Letter to Karl Marx, December 10, 1873

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Author(s) Friedrich Engels
Written 10 December 1873

Source: Marx Engels on Literature and Art, Moscow 1976;
Published in Marx-Engels Collected Works, Volume 44

December 10, 1873[edit source]

Dear Moor

Enclosed you will find three halves of five-pound notes; please acknowledge receipt at once so that the rest can follow.

Heavy fog since yesterday morning from which I just escaped for a short hour by taking a walk to the [Hampstead] Heath. Up there blue sky and warm sunshine, an island of brightness in a sea of fog. ...

That scamp Roderich Benedix has left a bad odour behind in the shape of a thick tome against “Shakespearomania.” He proved in it to a nicety that Shakespeare can’t hold a candle to our great poets, not even to those of modern times. Shakespeare is presumably to be hurled down from his pedestal only in order that fatty Benedix is hoisted on to it. There is more life and reality in the first act of the Merry Wives alone than in all German literature, and Launce with his dog Crab is alone worth more than all the German comedies put together. By way of contrast, Benedix with the weighty posterior will indulge in argumentations as serious as they are cheap over the unceremonious manner in which Shakespeare often makes short work of his dénouements and thereby cuts short the tedious twaddle, although in real life it is unavoidable. Let him have his way. ...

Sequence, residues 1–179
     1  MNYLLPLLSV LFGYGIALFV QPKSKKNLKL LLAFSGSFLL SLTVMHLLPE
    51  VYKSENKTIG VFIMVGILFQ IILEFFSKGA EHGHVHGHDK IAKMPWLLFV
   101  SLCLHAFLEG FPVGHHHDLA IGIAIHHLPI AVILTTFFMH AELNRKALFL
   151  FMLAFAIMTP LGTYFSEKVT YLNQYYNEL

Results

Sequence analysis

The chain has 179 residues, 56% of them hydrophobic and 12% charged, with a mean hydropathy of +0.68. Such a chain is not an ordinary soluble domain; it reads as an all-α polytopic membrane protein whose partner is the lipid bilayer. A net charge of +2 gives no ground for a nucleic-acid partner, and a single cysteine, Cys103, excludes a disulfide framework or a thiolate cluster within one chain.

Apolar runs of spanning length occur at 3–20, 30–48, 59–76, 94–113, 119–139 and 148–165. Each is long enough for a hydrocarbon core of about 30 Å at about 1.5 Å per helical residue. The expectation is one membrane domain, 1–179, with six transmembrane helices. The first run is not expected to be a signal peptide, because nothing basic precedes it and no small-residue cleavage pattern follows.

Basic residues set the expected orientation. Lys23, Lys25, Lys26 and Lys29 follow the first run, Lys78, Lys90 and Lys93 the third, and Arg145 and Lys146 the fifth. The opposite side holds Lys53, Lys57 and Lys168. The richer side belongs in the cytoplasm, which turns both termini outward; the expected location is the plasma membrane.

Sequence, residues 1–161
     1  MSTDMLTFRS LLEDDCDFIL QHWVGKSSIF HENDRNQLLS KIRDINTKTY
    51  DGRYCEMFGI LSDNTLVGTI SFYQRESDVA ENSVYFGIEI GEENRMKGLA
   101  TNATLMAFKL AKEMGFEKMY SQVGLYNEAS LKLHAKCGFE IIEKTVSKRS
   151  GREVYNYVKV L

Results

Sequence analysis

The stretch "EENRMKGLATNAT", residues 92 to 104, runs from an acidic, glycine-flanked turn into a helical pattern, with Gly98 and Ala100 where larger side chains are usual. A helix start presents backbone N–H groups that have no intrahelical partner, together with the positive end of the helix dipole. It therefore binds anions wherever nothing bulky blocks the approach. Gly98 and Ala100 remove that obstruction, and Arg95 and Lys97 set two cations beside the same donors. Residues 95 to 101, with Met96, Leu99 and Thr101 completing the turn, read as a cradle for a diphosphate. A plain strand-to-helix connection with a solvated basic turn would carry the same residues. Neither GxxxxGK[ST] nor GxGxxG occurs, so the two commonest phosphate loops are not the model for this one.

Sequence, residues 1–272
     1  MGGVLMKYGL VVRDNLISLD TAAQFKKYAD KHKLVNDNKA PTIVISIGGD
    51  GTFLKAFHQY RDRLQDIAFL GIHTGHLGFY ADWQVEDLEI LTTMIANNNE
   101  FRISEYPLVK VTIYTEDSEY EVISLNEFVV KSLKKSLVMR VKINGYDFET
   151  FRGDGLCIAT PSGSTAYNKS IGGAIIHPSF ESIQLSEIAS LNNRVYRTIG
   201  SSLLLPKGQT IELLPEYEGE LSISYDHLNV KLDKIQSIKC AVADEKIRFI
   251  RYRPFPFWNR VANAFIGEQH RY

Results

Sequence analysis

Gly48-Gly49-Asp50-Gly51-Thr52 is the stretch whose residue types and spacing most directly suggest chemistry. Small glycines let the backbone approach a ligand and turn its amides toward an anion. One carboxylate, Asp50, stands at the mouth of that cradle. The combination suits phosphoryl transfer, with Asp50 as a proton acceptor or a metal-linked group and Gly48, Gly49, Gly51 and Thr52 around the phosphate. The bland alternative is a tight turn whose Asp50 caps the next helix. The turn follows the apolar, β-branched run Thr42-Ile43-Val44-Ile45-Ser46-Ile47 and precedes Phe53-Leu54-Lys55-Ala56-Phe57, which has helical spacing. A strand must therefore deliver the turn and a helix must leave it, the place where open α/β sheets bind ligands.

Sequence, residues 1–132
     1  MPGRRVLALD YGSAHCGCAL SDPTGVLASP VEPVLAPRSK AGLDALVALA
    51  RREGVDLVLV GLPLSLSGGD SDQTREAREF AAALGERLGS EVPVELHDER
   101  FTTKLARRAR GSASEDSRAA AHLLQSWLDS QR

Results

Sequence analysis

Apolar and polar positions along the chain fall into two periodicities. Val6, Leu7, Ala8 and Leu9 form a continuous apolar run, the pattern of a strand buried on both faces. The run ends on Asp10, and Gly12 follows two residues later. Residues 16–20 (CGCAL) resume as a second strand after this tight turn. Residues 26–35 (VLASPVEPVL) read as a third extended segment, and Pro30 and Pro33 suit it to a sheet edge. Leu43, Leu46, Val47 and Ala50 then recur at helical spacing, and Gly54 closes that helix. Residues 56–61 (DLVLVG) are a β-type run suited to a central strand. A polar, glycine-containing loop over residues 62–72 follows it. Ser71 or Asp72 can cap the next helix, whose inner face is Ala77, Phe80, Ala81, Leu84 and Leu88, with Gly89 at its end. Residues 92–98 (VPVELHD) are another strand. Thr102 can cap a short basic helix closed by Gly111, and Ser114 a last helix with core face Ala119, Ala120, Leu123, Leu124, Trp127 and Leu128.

Yesterday received a geological map of the Rhine province. The superficial conjectures I made on the spot mostly confirmed.

Best regards to Tussy.